|Woman-Owned Small Business||5%||5.62%||+0.37%|
Becoming a Small Business Government Contractor: How to Get a Piece of the Pie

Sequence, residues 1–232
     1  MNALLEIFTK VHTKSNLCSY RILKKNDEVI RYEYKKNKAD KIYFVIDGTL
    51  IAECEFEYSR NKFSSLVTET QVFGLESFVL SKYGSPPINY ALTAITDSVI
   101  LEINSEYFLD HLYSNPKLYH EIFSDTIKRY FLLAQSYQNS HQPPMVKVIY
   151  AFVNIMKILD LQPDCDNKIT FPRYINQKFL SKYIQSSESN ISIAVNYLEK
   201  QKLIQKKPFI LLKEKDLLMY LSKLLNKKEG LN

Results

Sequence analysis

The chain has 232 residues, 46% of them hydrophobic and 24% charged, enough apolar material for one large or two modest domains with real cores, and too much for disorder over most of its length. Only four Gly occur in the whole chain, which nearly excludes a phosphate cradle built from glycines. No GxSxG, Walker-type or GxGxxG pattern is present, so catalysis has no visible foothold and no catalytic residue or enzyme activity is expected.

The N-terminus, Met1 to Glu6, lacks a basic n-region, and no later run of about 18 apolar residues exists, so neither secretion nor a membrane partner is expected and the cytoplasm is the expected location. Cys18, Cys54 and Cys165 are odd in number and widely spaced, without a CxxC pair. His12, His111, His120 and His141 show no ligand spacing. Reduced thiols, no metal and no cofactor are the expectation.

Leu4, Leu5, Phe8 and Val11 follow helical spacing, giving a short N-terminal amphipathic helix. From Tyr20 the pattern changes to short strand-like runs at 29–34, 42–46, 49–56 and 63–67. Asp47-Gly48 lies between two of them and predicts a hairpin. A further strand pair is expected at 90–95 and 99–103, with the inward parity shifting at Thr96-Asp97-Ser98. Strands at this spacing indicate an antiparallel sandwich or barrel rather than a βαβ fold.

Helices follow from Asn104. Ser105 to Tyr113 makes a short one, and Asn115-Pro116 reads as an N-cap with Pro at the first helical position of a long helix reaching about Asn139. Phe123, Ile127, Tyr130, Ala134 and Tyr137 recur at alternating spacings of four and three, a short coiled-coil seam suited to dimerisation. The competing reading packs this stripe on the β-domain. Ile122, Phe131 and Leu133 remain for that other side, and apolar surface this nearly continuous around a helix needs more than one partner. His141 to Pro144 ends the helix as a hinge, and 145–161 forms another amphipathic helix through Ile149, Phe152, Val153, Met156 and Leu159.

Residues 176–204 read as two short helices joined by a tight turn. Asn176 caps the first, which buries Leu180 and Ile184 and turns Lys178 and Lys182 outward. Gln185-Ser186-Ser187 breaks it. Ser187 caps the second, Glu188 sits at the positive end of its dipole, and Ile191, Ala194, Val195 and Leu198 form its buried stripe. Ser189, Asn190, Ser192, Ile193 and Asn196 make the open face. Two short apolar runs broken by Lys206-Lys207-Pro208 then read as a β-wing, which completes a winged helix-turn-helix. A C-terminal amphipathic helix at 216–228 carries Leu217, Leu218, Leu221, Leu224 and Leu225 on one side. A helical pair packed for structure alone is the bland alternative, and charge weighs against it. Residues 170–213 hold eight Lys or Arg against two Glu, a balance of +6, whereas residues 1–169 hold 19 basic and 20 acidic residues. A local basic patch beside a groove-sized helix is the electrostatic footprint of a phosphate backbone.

With $145.7 billion dollars in prime contracts and at least $82.8 billion in subcontracts, there certainly is money to be made for small businesses and small business subcontractors in the federal marketplace. But, new small businesses should approach federal contracting with appropriate caution. Contracting with the government is not like contracting in the commercial marketplace. The U.S. government imposes unique terms and conditions on its contractors, like the termination for convenience clause, where it can unilaterally end a contract without paying expectation damages. The government is also able to demand that small businesses and specialized small businesses meet certain specific, sometimes burdensome compliance requirements. In their haste to enter the federal marketplace, many small businesses check the required boxes without adequately understanding the requirements, which can result not only in hefty penalties, but also in being disqualified from federal contracting going forward. What this means is that small businesses must scrutinize the required qualifications and ensure that they meet all requirements. And, once they enter the market, small businesses need to remain diligent that they continue to qualify. Selling to Uncle Sam presents great opportunities for small business owners, but it also comes at great risk. To borrow from the old Latin phrase caveat emptor, the federal marketplace is best described as “Caveat Venditor, Let the seller beware.”